04 March 2016

Wenger in, Wenger out; let's just hope for a North London knockout!

It's been a generation since a North London Derby has been as pregnant with meaning as this one is. Not since 1993 has so much ridden on the result of this one. Much as we'd like to comfort ourselves with the fact that those twenty years and change reflect just how much better we've been than our noisome neighbours, we face a cold, hard truth and might be staring an uglier one straight in the face: Tottenham are, at least for now, better than we are. We are reeling from two consecutive defeats and are three points off their pace. Forget St. Totteringham's Day for the moment. Our season is on the line.

I wouldn't mind a bit more of that Michael Oliver magic...
I'm rarely one for hyperbole, but this is one of the biggest matches in recent history. Win, and we keep alive our hopes of winning the Prem. Lose, and we not only have to stave off challenges from Man City, Man U, and West Ham to stay in the top four, we may very well witness the end of an era. Should we lose at White Hart Lane, we might very well have to confront the end of Arsène Wenger's tenure. While it's true that we could still win a third consecutive FA Cup (an historic accomplishment), finishing below Tottenham and outside the top-four could signal an ignominious end to a man so synonymous with the club that a fair few still believe that the club takes its name from him.

As to the action on the pitch, we'll arrive without Koscielny or Čech, ominous signs indeed. Čech picked up a niggle on that last-gasp grasp at an equaliser against Swansea, having to sprint back to his own goal after joining the fray in front of Fabianski. We will have to pin our slender hopes of victory on the rather-broad shoulders of Ospina while hoping that Mertesacker and Gabriel can find some chemistry. It's a bit unsettling to point out that Tottenham have scored 49 goals, just behind Leicester's 51, and seem to have finally wedded that firepower to their stubborn defense, a league-best 22 goals conceded.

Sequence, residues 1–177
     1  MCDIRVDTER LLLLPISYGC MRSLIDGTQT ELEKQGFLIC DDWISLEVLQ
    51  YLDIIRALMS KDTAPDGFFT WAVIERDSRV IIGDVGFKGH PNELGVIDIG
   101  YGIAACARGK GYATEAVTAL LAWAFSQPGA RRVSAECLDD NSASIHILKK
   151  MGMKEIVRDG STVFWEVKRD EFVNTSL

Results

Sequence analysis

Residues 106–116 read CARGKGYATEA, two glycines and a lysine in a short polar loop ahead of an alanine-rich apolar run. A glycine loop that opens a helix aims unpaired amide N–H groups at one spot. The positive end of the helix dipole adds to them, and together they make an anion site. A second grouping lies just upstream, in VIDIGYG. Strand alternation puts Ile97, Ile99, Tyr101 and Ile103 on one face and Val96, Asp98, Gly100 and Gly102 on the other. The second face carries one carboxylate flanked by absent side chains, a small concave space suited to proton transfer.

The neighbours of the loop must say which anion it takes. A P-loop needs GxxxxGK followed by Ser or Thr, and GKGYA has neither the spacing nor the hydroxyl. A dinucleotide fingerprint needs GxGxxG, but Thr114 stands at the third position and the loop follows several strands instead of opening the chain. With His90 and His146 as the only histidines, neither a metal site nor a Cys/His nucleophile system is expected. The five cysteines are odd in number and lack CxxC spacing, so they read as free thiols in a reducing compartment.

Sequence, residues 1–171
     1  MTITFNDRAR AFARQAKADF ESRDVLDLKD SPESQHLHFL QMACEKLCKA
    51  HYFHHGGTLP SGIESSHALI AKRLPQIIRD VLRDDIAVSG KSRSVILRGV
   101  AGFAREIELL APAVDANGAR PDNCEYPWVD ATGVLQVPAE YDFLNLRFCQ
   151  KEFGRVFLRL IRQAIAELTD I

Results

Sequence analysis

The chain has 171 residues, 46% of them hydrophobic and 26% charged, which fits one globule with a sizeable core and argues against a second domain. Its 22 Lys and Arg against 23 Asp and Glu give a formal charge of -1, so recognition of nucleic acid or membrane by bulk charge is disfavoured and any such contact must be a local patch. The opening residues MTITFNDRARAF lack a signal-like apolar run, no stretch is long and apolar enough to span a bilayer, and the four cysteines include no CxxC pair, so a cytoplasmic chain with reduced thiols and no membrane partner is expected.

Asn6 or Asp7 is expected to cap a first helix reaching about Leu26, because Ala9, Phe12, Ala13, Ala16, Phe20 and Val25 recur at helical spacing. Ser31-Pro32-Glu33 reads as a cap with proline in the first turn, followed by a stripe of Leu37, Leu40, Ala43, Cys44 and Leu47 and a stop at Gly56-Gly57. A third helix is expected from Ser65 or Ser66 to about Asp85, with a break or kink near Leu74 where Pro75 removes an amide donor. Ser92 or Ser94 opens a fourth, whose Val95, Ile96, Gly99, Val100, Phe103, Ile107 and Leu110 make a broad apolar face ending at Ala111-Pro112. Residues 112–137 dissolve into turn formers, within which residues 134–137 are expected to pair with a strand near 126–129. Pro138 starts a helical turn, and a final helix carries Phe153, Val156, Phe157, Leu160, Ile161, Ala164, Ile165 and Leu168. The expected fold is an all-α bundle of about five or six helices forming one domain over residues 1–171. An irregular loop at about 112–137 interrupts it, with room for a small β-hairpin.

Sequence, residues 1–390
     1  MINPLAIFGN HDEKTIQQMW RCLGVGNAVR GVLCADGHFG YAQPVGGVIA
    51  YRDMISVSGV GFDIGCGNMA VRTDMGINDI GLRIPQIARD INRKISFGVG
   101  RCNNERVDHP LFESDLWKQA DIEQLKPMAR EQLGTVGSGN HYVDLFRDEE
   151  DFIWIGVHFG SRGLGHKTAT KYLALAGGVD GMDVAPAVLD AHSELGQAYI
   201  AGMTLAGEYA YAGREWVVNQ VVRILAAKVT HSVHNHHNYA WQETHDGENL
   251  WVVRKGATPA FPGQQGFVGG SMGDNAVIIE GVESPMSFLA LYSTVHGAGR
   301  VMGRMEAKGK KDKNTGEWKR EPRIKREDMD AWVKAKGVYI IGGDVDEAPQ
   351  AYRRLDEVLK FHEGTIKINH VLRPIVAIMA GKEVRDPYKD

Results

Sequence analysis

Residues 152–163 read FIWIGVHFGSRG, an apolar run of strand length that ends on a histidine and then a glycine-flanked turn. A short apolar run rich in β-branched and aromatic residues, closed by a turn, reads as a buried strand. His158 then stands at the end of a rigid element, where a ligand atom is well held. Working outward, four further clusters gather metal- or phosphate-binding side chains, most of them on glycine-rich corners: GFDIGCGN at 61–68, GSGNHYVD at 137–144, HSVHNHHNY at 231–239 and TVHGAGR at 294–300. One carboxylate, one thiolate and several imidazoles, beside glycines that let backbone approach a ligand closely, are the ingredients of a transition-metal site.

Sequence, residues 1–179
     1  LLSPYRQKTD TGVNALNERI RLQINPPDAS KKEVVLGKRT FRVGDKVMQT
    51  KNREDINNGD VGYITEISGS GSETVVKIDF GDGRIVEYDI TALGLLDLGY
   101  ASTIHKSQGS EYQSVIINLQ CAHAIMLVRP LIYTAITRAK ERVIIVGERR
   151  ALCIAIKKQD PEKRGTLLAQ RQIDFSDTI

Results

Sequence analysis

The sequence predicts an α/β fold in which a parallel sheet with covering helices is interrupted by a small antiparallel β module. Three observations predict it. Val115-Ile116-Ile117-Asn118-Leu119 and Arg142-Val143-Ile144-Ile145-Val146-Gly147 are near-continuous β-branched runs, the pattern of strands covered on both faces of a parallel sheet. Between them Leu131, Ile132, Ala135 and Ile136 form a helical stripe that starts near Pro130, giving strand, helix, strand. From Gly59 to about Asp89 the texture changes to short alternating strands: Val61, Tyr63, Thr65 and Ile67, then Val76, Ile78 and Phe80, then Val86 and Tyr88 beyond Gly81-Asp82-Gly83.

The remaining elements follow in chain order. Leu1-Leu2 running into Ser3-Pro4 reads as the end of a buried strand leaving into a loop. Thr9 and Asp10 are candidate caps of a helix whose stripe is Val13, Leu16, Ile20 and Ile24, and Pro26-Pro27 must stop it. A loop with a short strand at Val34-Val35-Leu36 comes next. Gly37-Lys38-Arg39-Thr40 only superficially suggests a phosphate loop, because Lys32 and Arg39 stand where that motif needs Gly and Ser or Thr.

We have our work cut out for us.

Tottenham's most significant injury is to Jan Vertonghen, but, if anything, they seem to have stiffened in his absence. Any references to Thomas Vermaelen are to be ignored. Toby Alderweireld has quietly emerged as one of the Prem's best centre-backs, and he and Lloris will dare us to find a way to score, something we've struggled to do in recent weeks. If anyone in our squad can find his scoring boots, this would be the time. Someone, anyone, has to rise up and find some kind of form for this fixture and for the run-in. Giroud. Alexis. Walcott. Welbeck. The goals have got to come from someone.

If we stagger to a third-straight defeat, I—well, I don't want to have to finish that sentence. It's time for our lads to lay it all on the line. Leave it all on the pitch. Leave no questions unanswered. In other words, smash those Spuds.

Arsenal 1-1 Tottenham (08.11.2015)
Tottenham 1-2 Arsenal (23.09.2015)
Tottenham 2-1 Arsenal (07.02.2015)

We first clashed in 1909, a 1-0 win for Woolwich Arsenal.
Arsenal have scored at least one goal in each of our last five visits to White Hart Lane.
Arsenal have not finished below Tottenham since 1995.

Čech, Kosielny, Cazorla, Wilshere, Oxlade-Chamberlain, Arteta and Rosický have all been ruled out.

Ospina; Monreal, Gabriel, Mertesacker, Bellerín; Coquelin, Ramsey; Alexis, Özil, Campbell; Giroud.

This one is too tense to predict; expect Tottenham to defend doggedly in search of a draw. However, I don't think they can cope with the pressure of being "favorites".

Tottenham 1-2 Arsenal.

Enough from me, though. What are your thoughts? Get down to the comments-section to share yours...